Morris Johnson and Dorothy Johnson, Appellants, v. American Federation of Musicians, an Unincorporated Labor Organization, et al., Appellees, 247 F.2d 599 (D.C. Cir. 1957)

Annotate this Case
US Court of Appeals for the District of Columbia Circuit - 247 F.2d 599 (D.C. Cir. 1957) Argued March 28, 1957
Decided August 14, 1957

Mr. Edward J. Skeens, Washington, D. C., for appellants.

Mr. Eugene Gressman, Washington, D. C., with whom Messrs. Henry Kaiser and Hyman Smollar, Washington, D. C., were on the brief, for appellees.

Before WASHINGTON, DANAHER and BURGER, Circuit Judges.

BURGER, Circuit Judge.

This is an appeal from the District Court's grant of a motion for a directed verdict for appellees at the close of appellants' case. The issue therefore is whether substantial evidence had been offered in support of appellants' complaint, requiring submission of the case to the jury. The complaint alleged (1) unlawful interference with appellants' right to make leases of realty; (2) imposition of an unlawful boycott against appellants' realty by means of a combination and conspiracy in violation of the Sherman Act, 15 U.S.C.A. §§ 1-7, 15 note; (3) libel of appellants and their property by an illegal listing on the appellee American Federation of Musicians' "National Defaulters List."

These separate contentions of the appellants merge on this appeal into a single concept that a labor organization is not engaged in a legitimate union activity and, by implication, on the contrary, engages in an unlawful activity, when it maintains, publishes and enforces a "blacklist" which operates to prevent members from doing business with listed establishments, particularly when that sanction is permitted to operate against the owner of the establishment rather than the lessees who contracted for entertainers' services and failed to pay for them.

The record shows that appellants, as owners of certain realty, were also owners of a trade name "Club Bengazi" descriptive of the activities carried on in these premises by various lessees. Appellants leased the realty and the right to use the name "Club Bengazi" to various lessees. The several lessees from time to time employed the services of members of the appellee unions and it is conceded that former lessees of appellants failed to pay the wages of certain members of the Federation. At the time suit was commenced several thousands of dollars in wages admittedly due were outstanding.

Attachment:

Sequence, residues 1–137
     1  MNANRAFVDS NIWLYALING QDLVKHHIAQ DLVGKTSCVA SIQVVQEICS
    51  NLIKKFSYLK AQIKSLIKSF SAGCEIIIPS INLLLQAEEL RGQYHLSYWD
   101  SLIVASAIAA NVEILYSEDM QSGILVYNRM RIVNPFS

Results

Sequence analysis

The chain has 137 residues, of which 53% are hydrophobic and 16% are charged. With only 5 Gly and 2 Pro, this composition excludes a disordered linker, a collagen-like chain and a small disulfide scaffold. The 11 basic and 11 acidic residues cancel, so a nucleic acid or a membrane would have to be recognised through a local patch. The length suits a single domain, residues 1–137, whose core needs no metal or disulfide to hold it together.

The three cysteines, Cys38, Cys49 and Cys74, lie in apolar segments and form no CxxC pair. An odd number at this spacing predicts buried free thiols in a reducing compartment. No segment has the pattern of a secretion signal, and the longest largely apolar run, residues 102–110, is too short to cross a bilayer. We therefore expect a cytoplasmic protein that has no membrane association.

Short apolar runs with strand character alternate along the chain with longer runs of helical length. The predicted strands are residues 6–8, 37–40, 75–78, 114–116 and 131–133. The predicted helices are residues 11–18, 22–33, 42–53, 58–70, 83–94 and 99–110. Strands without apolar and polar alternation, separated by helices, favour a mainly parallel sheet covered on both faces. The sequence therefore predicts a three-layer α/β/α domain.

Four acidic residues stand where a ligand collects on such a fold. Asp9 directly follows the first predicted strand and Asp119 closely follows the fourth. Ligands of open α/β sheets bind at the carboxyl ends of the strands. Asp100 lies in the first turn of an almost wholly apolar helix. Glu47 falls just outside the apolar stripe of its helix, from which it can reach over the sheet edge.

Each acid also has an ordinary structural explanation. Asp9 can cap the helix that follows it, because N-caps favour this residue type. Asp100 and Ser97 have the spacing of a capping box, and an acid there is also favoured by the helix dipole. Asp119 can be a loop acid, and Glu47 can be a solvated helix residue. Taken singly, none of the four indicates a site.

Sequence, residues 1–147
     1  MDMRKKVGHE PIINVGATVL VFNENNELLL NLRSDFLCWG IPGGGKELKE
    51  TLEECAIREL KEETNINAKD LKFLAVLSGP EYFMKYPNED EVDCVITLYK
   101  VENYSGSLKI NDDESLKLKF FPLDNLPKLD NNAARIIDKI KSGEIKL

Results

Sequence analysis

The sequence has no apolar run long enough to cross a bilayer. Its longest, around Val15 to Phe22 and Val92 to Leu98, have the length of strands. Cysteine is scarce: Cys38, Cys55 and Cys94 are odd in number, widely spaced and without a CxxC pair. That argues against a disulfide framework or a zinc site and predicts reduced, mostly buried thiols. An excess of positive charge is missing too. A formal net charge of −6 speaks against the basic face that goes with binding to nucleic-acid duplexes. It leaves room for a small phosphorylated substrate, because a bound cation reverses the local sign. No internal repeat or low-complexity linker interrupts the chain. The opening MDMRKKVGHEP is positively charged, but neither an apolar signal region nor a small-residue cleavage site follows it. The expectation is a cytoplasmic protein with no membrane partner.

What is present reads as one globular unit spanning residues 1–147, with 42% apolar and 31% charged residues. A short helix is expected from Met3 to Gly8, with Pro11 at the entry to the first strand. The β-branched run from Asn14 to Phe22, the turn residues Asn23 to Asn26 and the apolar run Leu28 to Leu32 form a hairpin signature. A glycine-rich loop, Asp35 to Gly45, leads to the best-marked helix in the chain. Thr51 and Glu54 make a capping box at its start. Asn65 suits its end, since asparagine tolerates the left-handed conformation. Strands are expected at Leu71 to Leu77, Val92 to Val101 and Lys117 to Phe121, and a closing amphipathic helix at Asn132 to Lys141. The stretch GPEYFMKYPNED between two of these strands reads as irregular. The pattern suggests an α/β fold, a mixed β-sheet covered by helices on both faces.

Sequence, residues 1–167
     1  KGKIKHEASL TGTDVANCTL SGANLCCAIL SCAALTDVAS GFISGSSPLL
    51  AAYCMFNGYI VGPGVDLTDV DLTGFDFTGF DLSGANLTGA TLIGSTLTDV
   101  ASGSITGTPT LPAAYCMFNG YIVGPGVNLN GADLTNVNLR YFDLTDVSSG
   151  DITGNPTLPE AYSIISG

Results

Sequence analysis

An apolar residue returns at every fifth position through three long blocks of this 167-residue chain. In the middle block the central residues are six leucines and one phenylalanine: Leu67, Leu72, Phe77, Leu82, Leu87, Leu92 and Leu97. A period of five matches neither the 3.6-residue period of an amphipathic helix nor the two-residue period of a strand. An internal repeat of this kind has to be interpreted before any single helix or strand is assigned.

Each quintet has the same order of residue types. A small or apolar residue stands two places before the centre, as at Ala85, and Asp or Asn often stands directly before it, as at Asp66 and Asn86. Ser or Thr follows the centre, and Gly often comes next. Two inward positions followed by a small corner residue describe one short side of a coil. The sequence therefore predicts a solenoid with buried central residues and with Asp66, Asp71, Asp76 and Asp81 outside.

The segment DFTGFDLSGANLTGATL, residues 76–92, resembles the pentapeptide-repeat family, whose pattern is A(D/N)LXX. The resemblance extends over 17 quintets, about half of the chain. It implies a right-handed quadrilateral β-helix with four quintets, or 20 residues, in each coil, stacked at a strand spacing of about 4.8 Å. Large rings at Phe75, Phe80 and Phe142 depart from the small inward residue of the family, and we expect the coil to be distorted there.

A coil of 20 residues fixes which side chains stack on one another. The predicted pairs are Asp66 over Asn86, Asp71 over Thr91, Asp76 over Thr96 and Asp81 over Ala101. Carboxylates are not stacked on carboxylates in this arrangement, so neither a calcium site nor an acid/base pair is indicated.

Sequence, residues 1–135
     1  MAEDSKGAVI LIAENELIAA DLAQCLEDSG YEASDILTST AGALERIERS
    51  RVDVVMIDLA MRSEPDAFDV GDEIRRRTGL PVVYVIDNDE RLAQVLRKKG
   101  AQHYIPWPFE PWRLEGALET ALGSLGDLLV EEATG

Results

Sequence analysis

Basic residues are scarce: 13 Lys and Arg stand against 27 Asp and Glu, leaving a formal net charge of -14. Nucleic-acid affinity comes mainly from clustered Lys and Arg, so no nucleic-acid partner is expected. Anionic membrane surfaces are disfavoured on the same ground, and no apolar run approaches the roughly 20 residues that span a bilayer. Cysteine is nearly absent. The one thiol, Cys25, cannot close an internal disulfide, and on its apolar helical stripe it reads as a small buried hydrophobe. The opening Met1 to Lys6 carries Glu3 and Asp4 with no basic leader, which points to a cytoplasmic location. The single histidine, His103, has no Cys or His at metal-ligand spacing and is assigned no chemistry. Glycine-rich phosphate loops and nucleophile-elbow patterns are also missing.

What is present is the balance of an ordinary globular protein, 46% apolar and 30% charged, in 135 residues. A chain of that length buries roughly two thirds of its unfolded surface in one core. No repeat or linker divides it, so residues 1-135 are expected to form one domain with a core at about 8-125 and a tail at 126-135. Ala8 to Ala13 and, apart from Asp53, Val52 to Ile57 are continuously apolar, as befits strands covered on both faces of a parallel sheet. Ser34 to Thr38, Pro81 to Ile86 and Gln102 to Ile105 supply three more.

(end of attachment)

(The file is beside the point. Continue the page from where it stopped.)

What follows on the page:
As a means of enforcing collection of wages, among other things, the American Federation of Musicians employs what amounts to a "blacklisting" of defaulting employers to warn union members against taking employment from "defaulters." It appears from this record that the union considers "an establishment * * * liable for indebtedness to [its] members regardless of the fact that a new operator may take over after the original default."1  A union member who accepts employment from a defaulting establishment or operator is subject to union discipline. No procedure is established by the union for placing a "defaulter" on this list or removing him if he makes good an admitted default. The entire process is within union control and no hearings or other steps are provided.

The default of appellants' lessees led to a listing of "Club Bengazi" on the Federation's "National Defaulters List" from 1948 to the time of trial except for a short interval when the listing was suspended. The essence of appellants' complaint is that the "blacklisting" effectively prevents leasing "Club Bengazi" and the premises associated with that name.

The appellants' evidence in the District Court did not show loss of any particular lease or lessee because of the listing. Appellant argues that prospective or potential lessees were dissuaded from serious consideration of a lease because the listing precluded employment of any union musicians or entertainers. However, there is no showing that a night club could not be operated with entertainers and musicians not members of the appellee unions.

On this record it seems clear that the appellants failed to sustain the burden of proving at least one of the essentials of their case, i. e., that the actions of appellees or any of them caused ascertainable loss and damage. Absent proof of damage we need not pass upon the conduct complained of in the complaint. The action of the District Court directing a verdict in favor of the appellees is therefore



The union so advised appellants, adding that: "In order for the establishment to be removed from the Defaulters List arrangements have to be made for payment of such indebtedness."